A prolific artist dedicated to exploring how music and memory relate -- and deteriorate, Leyland James Kirby has released music under many guises, including V/Vm, the Caretaker, the Stranger, and his given name. Kirby's career began when he was a DJ in early-'90s Manchester and decided to make his own electronic music. By 1996, the first releases as V/Vm, including the 12" single Up-Link Data Transmissions, surfaced, many on on Kirby's own V/Vm Test label; as the years went by, V/Vm became synonymous with recontextualizing music by tearing it apart and putting it back together in warped ways that ranged from noise to subtler tweaking. Kirby took aim at saccharine pop with 2000's Sick-Love -- which digitally mutilated songs like Chris de Burgh's "Lady in Red" and the Bee Gees' "How Deep Is Your Love" -- and he skewered Richard D. James on 2001's Help Aphex Twin. Meanwhile, the Death of Rave project, which Kirby made available for free online, turned the golden days of rave music into the audio equivalent of a distant memory. Throughout all V/Vm works was a sense of mischief, whether it was 2006's V/Vm 365 project, in which Kirby released a track a day, accompanied by a description of that day, for a year, or 2003's Relax, which reissued Frankie Goes to Hollywood's 1983 hit as a reproduction of the original release in formats including a 7" picture disc (Kirby was later forced to withdraw the release from sale).
However, Kirby embarked on the Caretaker -- which ultimately became his most popular musical incarnation -- in 1999, using some of the same concepts and processes of his V/Vm work to very different effect. Subtler and more emotionally engaging, Kirby's Caretaker work directly addresses how tightly linked music and memory are by treating and manipulating older pieces of work by editing and manipulating older pieces (often 78s of ballroom music) into disintegrating fragments steeped in melancholy and nostalgia. The Caretaker guise was inspired in part by Kirby's fascination with the scene in Stanley Kubrick's The Shining, where Jack Nicholson's character Jack Torrance discovers, as he slides into madness, spectral revelers in the barroom of the hotel he's supposed to be taking care of. As evocative as they were, Kirby's first three Caretaker albums -- 1999's aptly named Selected Memories from the Haunted Ballroom, 2001's A Stairway to the Stars, and 2003's We'll All Go Riding on a Rainbow -- were little preparation for 2005's Theoretically Pure Anterograde Amnesia, a six-hour set that blurred and eroded the music so thoroughly that anything as memorable as a melody rarely popped up, mimicking the foggy chaos of short-term memory loss. The album scored 50,000 free downloads and was also available as a limited-edition six-disc set, and was followed by an album of outtakes, 2006's Additional Amnesiac Memories.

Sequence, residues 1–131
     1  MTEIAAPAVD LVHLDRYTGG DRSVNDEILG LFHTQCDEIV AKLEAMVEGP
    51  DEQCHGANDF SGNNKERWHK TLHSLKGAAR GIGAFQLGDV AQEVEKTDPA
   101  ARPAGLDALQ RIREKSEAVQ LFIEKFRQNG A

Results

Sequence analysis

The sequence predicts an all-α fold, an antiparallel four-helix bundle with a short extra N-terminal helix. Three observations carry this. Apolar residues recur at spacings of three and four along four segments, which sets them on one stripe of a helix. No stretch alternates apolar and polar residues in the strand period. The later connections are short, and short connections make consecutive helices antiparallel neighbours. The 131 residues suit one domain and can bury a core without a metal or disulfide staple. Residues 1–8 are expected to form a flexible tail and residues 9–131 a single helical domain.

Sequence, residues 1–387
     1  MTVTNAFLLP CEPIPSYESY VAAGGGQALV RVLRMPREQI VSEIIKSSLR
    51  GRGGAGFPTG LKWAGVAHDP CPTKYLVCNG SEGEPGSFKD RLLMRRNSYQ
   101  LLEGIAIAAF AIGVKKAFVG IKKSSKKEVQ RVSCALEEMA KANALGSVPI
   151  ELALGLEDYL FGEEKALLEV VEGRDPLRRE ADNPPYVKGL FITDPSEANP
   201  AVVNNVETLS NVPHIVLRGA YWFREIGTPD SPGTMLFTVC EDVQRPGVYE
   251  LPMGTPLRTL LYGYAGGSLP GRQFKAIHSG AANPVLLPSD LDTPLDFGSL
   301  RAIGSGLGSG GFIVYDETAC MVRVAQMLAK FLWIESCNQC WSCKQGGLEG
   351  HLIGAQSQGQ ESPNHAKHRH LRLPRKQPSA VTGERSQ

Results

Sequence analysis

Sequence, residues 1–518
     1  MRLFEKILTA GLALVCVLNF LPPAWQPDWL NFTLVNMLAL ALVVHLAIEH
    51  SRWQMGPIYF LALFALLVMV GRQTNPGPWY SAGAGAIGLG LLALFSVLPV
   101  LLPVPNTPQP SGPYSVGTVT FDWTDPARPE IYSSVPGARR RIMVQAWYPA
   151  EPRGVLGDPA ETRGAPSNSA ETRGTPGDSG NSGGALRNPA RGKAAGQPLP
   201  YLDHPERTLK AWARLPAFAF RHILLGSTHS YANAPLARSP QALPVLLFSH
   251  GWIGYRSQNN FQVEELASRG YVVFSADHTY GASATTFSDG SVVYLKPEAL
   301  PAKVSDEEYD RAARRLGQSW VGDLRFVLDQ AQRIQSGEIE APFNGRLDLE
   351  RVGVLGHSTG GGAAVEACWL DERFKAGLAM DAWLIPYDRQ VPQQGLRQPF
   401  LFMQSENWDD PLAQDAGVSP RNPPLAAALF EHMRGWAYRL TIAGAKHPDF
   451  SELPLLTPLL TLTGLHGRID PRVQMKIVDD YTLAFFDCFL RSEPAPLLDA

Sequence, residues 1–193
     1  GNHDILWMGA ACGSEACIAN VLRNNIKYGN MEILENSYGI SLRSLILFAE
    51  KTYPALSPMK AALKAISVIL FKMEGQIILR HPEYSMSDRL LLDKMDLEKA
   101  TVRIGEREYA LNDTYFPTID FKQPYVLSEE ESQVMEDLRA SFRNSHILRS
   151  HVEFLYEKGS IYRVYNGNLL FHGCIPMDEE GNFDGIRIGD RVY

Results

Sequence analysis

In 2008, Kirby released the most accessible Caretaker album yet, Persistent Repetition of Phrases, on the Install label, to some of the widest-reaching acclaim he'd received. That year Kirby also introduced a new project, the Stranger, which he named after the main character in the spaghetti Western High Plains Drifter and which he described as a "bridge" between his work as V/Vm and the Caretaker. The Stranger's menacing debut album, Bleaklow, was also the last release on V/Vm Test, as Kirby shut down the label at the end of 2008 to focus on his more meditative music. In 2009, he resurfaced with a new label, History Always Favours the Winners, and his first music under his given name, the three-disc Sadly, the Future Is No Longer What It Was, which featured the track "When We Parted, My Heart Wanted to Die." Two years later, Kirby returned to his Caretaker alias with An Empty Bliss Beyond This World, a particularly heavily edited album inspired by a study showing Alzheimer's patients have an easier time remembering information via music; it earned even more acclaim than Persistent Repetition of Phrases. Early in 2012, Patience (After Sebald), the soundtrack to Grant Gee's documentary about W.G. Sebald's novel Rings of Saturn, arrived. ~ Heather Phares